2020 Vast Early America Lecture
“A Bible with Whales and an Indigenous Sawmill: Entangled Lives, Materials, and Memories from the Native and Colonial Northeast”
Across the 18th-century Northeast, Native people dynamically reshaped their livelihoods, community sovereignties, and futures through work as intellectuals, religious leaders, educators, house builders, boat makers, gardeners, diplomats, chroniclers, and place-keepers. The New England colonial minister and college president Ezra Stiles sought to interact with and describe these communities in his detailed personal records—sometimes with great accuracy, at other times with profound misunderstanding. This talk explores the intimate crossovers, dissonances, and relations of power between Indigenous and settler colonial experiences and their representations, mapping an interdisciplinary pathway that revisits the very practice of “making history,” in the past and in the 21st century.
Christine DeLucia is Assistant Professor of History at Williams College, and was formerly Associate Professor of History at Mount Holyoke College. Her first book, Memory Lands: King Philip’s War and the Place of Violence in the Northeast, was published by Yale University Press in the Henry Roe Cloud Series on American Indians and Modernity in 2018. It won book awards from the Berkshire Conference of Women Historians, Massachusetts Historical Society, and New England American Studies Association, and honorable mention from the National Council on Public History. Her articles have appeared in The Journal of American History, The William and Mary Quarterly, Native American and Indigenous Studies, New England Quarterly, Early American Literature, and other venues. She was recently a fellow at the Newberry Library in Chicago, working on a second book about Native communities’ entanglements with Euro-Americans and African-Americans in the 18th century, material culture, and collaborative as well as decolonizing methodologies.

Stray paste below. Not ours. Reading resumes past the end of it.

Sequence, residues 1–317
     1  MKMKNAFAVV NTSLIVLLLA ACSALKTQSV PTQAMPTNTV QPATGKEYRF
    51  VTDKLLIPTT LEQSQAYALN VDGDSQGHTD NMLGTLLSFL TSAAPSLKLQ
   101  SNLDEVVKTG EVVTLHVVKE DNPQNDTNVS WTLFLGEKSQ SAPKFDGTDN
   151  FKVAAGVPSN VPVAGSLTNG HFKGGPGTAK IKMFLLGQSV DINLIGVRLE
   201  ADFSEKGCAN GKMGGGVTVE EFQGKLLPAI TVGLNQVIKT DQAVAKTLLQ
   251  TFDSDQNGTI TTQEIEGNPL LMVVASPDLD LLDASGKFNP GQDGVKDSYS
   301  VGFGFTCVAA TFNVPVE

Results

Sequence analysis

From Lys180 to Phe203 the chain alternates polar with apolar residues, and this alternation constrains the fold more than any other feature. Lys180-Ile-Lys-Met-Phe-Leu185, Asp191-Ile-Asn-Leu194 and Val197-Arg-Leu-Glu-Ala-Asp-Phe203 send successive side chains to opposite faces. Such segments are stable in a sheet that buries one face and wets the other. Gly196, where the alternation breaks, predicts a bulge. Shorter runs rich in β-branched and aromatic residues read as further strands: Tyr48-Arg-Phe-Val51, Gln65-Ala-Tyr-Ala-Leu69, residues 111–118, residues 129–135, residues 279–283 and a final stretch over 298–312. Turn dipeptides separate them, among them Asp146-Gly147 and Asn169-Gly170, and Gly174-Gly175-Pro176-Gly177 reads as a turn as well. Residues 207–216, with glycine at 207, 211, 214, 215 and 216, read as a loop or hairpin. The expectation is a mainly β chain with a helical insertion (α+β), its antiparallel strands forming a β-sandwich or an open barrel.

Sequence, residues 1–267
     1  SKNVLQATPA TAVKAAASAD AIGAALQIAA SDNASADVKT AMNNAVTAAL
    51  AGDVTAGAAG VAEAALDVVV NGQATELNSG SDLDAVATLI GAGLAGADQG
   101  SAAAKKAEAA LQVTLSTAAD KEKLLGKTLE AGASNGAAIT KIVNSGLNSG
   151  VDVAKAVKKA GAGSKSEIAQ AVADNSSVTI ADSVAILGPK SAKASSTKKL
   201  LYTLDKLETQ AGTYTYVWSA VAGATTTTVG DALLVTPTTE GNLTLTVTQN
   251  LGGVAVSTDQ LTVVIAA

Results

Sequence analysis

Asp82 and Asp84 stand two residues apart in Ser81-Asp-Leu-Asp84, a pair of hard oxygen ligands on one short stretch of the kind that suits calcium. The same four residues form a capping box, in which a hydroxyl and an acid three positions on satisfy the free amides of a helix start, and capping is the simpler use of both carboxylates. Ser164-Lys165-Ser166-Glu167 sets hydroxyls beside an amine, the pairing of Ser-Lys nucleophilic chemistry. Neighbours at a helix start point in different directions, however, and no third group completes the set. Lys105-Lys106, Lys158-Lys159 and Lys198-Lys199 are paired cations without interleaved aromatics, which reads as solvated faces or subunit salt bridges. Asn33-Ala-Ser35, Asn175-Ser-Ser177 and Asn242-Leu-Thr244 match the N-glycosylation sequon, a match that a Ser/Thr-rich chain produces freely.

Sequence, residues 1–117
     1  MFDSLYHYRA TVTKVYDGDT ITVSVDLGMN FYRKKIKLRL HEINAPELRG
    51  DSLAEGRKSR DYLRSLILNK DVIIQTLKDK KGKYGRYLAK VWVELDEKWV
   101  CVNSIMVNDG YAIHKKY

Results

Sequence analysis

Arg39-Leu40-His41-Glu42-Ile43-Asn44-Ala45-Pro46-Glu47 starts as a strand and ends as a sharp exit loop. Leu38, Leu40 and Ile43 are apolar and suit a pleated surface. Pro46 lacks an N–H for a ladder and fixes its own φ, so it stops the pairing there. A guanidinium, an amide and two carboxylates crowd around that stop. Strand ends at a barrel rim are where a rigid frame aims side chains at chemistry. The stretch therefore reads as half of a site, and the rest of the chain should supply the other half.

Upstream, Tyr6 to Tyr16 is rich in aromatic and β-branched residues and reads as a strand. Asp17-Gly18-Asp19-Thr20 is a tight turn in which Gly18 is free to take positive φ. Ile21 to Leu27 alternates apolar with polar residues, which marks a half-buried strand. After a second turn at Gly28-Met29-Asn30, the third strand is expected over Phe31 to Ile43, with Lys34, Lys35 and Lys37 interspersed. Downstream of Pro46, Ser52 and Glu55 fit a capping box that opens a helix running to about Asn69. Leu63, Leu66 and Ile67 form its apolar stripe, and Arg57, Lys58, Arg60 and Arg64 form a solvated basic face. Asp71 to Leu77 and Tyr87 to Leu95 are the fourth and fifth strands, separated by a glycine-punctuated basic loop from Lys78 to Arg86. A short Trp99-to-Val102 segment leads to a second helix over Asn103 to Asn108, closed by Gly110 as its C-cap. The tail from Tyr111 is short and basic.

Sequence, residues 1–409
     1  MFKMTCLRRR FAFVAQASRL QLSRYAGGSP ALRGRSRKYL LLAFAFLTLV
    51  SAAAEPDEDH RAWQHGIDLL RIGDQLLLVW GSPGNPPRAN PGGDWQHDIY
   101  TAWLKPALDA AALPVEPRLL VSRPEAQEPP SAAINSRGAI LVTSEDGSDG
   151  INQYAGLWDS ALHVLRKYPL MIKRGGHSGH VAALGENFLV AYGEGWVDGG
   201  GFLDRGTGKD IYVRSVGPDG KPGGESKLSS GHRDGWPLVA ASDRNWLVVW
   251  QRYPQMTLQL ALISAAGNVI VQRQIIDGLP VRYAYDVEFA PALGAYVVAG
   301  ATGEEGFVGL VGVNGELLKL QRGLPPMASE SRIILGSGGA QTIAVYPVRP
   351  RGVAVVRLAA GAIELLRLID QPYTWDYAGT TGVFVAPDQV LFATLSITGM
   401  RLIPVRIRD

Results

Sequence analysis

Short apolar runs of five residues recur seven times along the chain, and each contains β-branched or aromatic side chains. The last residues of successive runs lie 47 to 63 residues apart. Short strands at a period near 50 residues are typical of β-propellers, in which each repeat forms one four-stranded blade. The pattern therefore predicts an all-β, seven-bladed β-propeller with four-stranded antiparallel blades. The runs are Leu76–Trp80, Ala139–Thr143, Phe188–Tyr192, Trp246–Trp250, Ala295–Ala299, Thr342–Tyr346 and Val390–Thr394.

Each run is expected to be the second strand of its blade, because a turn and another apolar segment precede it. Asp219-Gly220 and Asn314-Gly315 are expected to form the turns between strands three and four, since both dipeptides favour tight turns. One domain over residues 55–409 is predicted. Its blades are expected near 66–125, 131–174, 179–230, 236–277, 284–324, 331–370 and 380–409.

About the Vast Early America Lecture
Offered to the W&M campus each fall and co-sponsored by the Departments of History, Anthropology, and English, and the American Studies program, the Vast Early America Lecture series features a scholar, often an OI author, whose work has strong cross-disciplinary appeal to scholars of history, literature, gender and sexuality, race and identity, and cultural studies. While created with the William & Mary student and faculty community in mind, the lecture is open to all.